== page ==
Laboratory accreditation based on ISO/IEC 17025 (formerly ISO/IEC Guide 25) was first introduced in Malaysia on 1 July 1987. This was followed by the introduction in 15 August 1990 of a national unified laboratory accreditation scheme, known as Skim Akreditasi Makmal Malaysia (SAMM). The SAMM scheme was initially administered by SAMM National Council that currently come under the authority of the Ministry of International Trade and Industry (MITI).
Following the establishment of the Department of Standards Malaysia (Standards Malaysia) on 28 August 1996 under the Standards of Malaysia Act, 1996, all accreditation activities of the former Malaysia Accreditation Council were transferred to and come directly under the responsibility of Standards Malaysia. The laboratory accreditation scheme, however, retains its original name "Skim Akreditasi Makmal Malaysia (SAMM).
The primary objective of SAMM is to provide a credible accreditation service to testing and calibration laboratories including medical testing laboratories such that ultimately SAMM endorsed test reports and calibration certificates are accepted internationally. The accepted mechanism for recognition is by means of the Mutual Recognition Arrangements framework of the International Laboratory Accreditation Co-operation (ILAC) and Asia Pacific Laboratory Accreditation Co-operation (APLAC).
Scope of Activities
SAMM is unified national laboratory accreditation scheme and is multi-disciplinary in its scope of accreditation activities. It covers both calibration and testing including medical testing.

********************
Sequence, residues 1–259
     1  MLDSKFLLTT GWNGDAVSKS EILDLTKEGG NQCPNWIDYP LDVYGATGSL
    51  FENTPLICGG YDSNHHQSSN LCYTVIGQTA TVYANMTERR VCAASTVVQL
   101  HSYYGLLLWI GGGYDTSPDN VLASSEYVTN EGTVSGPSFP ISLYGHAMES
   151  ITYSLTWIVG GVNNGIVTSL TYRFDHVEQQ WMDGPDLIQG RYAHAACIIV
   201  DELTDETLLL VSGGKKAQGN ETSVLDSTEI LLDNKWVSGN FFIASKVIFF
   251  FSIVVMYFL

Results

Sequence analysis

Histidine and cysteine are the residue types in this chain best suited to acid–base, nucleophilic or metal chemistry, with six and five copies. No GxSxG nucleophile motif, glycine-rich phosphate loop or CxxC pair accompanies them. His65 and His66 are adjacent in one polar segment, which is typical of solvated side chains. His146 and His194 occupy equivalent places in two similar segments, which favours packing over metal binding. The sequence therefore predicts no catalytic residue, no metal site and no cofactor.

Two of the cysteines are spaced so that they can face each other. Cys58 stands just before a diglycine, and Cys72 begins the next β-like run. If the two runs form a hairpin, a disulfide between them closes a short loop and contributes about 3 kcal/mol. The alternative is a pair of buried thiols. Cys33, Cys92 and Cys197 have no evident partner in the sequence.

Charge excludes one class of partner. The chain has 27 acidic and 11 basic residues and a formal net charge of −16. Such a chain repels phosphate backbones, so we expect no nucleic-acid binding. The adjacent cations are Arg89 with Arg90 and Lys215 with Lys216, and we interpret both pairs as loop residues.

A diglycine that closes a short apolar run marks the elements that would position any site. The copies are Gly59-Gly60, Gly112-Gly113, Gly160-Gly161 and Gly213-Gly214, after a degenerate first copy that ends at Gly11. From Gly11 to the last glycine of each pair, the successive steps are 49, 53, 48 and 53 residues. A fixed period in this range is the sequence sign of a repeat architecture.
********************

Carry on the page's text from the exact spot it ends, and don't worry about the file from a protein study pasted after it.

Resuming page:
Reference to SAMM Accreditation
Accredited laboratories may use Accreditation Symbol and combined ILAC MRA Mark or make reference to SAMM accreditation.
Standards Malaysia is staffed by full time technical officers and supporting staff to carry out daily operations. It is operated in accordance with MS ISO/IEC 17011.
General criteria as published in MS ISO/IEC 17025 / MS ISO 15189, SAMM Policies (SP), Specific Criteria (SC) and Specific Technical Requirements (STR) are used in assessments and accreditation process.
Policy on Cross Frontier Accreditation
It is the policy of Standards Malaysia not to accept any CAB application from abroad. This policy is consistent with the Act 549, Standards of Malaysia Act 1996, clause 10 (2)(h).
All existing standard methods from both national and international standard bodies as well as reputable technical organisation are acceptable. For non-standard/in-house method are also acceptable provide that they are validated and documented.
|Figure 1 : Accreditation Processes|
Valid for three (3) years and renewable subject to terms and conditions of the SAMM scheme.
Surveillance and Re-assessment
The first surveillance is scheduled nine (9) months from the date of award/renewal of accreditation and 2nd surveillance is scheduled twelth (12) months from the date of 1st surveillance. Re-assessment is scheduled three (3) months before the expiry date of accreditation.
Assessors are drawn from technical agencies, such as MRB, MPOB, Chemistry Department, Ministry of Health, universities and government laboratories. Other competent individuals are also employed as part-time assessors. Assessors are trained by competent training organizations. The criteria for the acceptability of laboratory assessors, are prescribed in SAMM documentations.
Accredited laboratories are required to participate in available interlaboratory comparison programmes or other forms of comparison testing such as the proficiency testing programmes by APLAC (Asia Pacific Laboratory Accreditation Cooperation).
Appeals procedure which maintained the independence, impartiality in the process of appeal, has been established for the handling and resolution of any appeal that may arise from the accreditation process.